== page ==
Teaching language as culture in the foreign language classroom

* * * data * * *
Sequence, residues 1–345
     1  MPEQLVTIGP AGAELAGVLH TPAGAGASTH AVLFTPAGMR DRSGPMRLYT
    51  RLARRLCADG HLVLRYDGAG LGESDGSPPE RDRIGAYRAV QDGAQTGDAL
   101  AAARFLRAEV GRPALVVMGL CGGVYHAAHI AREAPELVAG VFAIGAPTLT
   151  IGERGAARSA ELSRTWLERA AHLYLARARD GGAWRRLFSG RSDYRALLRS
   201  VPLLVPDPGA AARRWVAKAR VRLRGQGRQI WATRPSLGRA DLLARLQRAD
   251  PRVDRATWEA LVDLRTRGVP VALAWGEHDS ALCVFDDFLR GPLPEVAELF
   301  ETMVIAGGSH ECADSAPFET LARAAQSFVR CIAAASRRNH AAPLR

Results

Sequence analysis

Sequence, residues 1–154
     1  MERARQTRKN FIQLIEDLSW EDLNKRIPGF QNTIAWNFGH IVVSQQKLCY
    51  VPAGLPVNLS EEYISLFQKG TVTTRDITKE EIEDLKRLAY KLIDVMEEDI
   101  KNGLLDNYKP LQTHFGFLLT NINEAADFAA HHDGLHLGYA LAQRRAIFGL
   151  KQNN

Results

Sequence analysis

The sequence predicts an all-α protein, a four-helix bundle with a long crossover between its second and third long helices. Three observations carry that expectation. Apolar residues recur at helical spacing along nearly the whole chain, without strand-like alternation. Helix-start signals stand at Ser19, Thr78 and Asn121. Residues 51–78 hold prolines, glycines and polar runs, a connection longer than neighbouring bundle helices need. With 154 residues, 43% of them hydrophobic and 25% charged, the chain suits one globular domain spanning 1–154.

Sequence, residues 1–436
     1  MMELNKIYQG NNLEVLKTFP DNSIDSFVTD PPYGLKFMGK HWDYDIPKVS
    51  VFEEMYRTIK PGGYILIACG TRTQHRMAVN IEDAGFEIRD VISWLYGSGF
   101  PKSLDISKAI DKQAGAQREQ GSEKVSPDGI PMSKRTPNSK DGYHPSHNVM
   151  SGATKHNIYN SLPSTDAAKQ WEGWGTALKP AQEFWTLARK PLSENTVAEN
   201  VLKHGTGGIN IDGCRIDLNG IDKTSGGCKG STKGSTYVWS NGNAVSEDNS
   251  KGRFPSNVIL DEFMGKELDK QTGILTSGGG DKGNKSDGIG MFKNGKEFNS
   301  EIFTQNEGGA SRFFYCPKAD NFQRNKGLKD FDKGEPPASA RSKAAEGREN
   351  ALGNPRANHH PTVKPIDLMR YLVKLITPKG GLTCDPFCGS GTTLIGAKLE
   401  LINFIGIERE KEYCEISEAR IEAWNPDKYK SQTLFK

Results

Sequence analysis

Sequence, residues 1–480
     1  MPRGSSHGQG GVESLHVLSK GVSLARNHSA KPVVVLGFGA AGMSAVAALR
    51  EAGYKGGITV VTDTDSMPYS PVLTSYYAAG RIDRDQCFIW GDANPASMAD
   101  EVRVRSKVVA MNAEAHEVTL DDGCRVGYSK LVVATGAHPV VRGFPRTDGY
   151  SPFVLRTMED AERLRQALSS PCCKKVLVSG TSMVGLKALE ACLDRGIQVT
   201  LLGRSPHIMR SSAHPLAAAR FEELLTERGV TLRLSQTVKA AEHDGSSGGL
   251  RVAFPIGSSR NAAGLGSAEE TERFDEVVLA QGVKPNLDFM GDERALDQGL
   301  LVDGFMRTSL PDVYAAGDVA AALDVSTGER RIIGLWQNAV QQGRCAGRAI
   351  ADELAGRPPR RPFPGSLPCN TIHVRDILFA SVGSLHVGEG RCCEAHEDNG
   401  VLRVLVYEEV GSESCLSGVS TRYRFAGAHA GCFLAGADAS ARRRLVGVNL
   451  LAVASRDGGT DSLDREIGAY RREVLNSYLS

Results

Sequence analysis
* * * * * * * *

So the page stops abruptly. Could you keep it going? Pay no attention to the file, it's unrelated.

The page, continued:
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The relationship between language and culture has long been acknowledged, defined and discussed in the literature on foreign language learning and teaching (Kramsch, 1997; Krasner, 1999; Omaggio, 2001), though the integration of culture into foreign language learning has been inconsistent. Linguistic competence alone is not enough for learners to be competent in that language, and language learners need to be aware of the culturally appropriate ways to address people, express gratitude, make requests, and agree or disagree with someone. Language must be used with other culturally appropriate behavior to be successful. Despite the critical relationship between language and culture in effective foreign language instruction, postsecondary foreign language education lacks benchmarks, best practices or empirical standards for cultural integration. This forces college instructors of foreign language without guidance about how and when to integrate culture into their instruction. This descriptive case study examines the ways in which culture is integrated into a Basic Russian language university course. Through direct classroom observation, interviews with the instructor and a review of the textbook, the researcher examined the integration of big “C” culture and little “c” culture into foreign language instruction. The observations affirmed the general assertion that cultural infusion in college-level language instruction is limited and often delivered only as incidental additions to grammar and mechanics. Further, it was noted that instructors lack guidance about how to effectively integrate culture into their teaching, and this was further affirmed through a review of the class textbook. The study concludes with recommendations for further study into effective practices for cultural infusion into foreign language instruction and recommendations for improving foreign language teaching through the integration of culture.